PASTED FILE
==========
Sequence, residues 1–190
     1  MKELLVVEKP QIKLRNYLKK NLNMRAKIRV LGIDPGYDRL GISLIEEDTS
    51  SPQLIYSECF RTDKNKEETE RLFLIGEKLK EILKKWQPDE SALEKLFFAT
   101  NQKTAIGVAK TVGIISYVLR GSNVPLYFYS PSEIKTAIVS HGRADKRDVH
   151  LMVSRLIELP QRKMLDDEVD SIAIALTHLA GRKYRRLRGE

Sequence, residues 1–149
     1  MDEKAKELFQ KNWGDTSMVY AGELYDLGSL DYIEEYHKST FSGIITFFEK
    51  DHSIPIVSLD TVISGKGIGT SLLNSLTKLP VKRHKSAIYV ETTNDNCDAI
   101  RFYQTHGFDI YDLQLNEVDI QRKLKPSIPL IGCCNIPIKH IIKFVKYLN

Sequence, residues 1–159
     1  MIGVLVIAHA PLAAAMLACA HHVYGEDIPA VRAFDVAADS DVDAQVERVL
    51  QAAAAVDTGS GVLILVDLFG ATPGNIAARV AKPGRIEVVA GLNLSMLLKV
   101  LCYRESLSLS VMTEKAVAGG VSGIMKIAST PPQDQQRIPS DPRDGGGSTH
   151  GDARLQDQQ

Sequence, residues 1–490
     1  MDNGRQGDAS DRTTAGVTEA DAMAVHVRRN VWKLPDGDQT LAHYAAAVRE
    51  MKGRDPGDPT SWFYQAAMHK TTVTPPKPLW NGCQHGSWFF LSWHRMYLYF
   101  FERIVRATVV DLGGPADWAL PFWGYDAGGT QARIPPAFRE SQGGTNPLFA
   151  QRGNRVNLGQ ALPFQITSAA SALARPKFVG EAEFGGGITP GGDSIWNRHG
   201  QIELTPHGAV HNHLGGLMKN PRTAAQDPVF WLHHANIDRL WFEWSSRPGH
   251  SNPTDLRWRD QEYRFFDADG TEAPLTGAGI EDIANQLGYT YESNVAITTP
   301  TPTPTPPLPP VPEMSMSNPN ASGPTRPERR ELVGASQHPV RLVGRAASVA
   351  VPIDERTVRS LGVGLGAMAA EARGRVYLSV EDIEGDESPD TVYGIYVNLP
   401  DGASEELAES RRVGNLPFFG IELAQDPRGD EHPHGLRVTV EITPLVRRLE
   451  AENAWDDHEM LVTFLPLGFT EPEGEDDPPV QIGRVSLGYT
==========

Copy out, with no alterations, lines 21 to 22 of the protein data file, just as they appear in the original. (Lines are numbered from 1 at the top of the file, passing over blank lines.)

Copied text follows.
   251  SNPTDLRWRD QEYRFFDADG TEAPLTGAGI EDIANQLGYT YESNVAITTP
   301  TPTPTPPLPP VPEMSMSNPN ASGPTRPERR ELVGASQHPV RLVGRAASVA